Cannabidiol: beauty and wellness brands

Potent anti-inflammatory properties mean cannabis is the hottest ingredient in beauty right now. CBD (cannabidiol) is entirely non-psycho-active (so won’t make you high), legal everywhere and proving to have a wealth of beauty benefits. It’s also the active ingredient found in the Body Shop’s Hemp range.

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It’s one of the world’s most controversial narcotics, but a growing number of beauty and wellness brands believe that a pair of cannabis-derived ingredients can revolutionise how we treat everything from acne to eczema and wrinkles.

The first, THC (tetrahydrocannabinol) is the most divisive. Of the 80 different cannabinoids harvested from the cannabis plant, it’s the one that gets you high. In countries where dope is legal, including some US states, THC has begun showing up in skincare thanks to its anti-inflammatory and analgesic effects. But here, THC is banned – unless it features in concentrations below 0.3% it’s off limits.

New research carried out by dermatologists from the University of Colorado School of Medicine found that cannabinoids like THC and CBD can reduce inflammation in cases of psoriasis, eczema, and allergic dermatitis.

Dr Sarah Shah from Bespoke Aesthetics isn’t surprised at the results of this research. Interestingly, ‘we’re biologically primed to reap the benefits of cannabinoids when ingested or applied topically, because our body has its own endocannabinoid system,’ she explains. This means we produce our own cannabinoids. So, when we ingest, eat, smoke or apply cannabis, receptors pick up cues of the incoming CBD or THC and bind to cells, like a key fitting a lock. This kick-starts a biochemical reaction that can alter everything from blood pressure, to pain response, to memory, appetite and skin barrier function.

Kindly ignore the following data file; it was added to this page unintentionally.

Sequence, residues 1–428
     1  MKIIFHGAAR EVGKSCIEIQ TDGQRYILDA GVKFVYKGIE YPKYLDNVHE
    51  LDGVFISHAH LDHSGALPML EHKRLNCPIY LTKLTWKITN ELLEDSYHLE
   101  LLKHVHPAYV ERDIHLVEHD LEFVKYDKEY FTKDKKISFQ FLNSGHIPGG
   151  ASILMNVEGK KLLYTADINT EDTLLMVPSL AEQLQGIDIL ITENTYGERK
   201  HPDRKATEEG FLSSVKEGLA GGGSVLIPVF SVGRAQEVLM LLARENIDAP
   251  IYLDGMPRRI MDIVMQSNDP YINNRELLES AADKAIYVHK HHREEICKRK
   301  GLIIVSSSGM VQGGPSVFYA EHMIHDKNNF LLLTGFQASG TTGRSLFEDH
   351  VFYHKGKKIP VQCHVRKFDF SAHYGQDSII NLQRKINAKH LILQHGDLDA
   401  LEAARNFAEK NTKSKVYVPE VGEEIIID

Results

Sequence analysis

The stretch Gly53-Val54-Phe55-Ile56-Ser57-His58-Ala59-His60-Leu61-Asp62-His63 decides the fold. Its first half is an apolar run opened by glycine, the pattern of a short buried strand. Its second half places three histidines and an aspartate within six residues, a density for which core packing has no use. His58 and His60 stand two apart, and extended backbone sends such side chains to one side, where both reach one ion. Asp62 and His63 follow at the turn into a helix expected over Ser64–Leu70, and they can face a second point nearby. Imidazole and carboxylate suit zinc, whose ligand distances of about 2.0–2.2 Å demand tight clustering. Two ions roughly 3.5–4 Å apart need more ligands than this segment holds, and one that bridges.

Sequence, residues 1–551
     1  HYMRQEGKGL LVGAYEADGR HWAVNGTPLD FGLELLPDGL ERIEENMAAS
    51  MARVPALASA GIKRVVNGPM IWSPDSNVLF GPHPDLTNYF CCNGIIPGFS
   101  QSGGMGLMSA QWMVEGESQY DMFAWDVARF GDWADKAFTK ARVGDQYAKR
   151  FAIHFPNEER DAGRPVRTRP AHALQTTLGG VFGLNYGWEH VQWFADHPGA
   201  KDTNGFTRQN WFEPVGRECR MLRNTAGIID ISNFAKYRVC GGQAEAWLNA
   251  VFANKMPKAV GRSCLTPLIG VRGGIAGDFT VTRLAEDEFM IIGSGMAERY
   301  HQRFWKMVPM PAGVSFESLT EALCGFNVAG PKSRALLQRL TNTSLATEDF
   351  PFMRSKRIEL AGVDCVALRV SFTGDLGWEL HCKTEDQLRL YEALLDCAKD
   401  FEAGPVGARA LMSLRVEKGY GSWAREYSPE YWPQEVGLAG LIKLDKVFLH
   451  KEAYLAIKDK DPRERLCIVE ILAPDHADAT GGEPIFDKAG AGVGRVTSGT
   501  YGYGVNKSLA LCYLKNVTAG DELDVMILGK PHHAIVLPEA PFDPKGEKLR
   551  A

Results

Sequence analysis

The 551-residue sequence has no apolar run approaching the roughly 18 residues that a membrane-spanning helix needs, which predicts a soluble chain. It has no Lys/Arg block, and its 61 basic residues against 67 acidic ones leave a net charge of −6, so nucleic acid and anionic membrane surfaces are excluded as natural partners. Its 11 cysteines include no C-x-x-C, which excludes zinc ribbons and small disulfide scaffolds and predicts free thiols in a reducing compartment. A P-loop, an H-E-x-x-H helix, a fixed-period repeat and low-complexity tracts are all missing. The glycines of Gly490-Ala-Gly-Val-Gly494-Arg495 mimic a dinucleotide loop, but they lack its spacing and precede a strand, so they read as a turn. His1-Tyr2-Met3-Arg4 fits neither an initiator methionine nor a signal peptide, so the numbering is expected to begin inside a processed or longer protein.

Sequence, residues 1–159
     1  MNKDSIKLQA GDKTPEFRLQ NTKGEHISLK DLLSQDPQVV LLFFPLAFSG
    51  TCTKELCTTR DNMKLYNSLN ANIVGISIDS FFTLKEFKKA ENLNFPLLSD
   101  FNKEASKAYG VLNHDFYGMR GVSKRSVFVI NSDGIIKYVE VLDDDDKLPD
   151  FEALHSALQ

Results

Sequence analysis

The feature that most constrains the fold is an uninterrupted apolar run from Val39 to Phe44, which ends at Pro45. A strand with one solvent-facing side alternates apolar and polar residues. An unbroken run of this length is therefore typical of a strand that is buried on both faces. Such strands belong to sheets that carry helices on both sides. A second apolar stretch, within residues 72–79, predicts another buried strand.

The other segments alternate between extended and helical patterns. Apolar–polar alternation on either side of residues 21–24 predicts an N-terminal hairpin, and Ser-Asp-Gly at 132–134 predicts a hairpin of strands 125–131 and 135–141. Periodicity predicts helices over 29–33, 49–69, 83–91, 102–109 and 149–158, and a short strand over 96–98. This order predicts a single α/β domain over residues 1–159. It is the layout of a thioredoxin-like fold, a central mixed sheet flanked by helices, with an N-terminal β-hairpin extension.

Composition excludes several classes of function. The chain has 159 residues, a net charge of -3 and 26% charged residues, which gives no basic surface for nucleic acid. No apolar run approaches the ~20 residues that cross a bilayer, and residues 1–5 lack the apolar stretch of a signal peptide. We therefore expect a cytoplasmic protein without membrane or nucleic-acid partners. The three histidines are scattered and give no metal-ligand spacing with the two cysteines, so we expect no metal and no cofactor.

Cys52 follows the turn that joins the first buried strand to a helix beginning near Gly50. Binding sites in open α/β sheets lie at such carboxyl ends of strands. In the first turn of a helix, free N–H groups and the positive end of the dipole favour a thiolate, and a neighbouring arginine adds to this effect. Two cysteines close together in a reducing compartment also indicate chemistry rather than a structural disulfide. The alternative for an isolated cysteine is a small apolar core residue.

In skincare terms this means cannabinoids can help regulate sebum production and moisture retention within skin, explaining why studies into cannabinoids treating acne are so promising. ‘Patients with acne and seborrheic dermatitis were treated with a 3% cannabis-seed extract cream, and results showed they went on to have lower levels of skin sebum and erythema (or redness),’ continues Shah.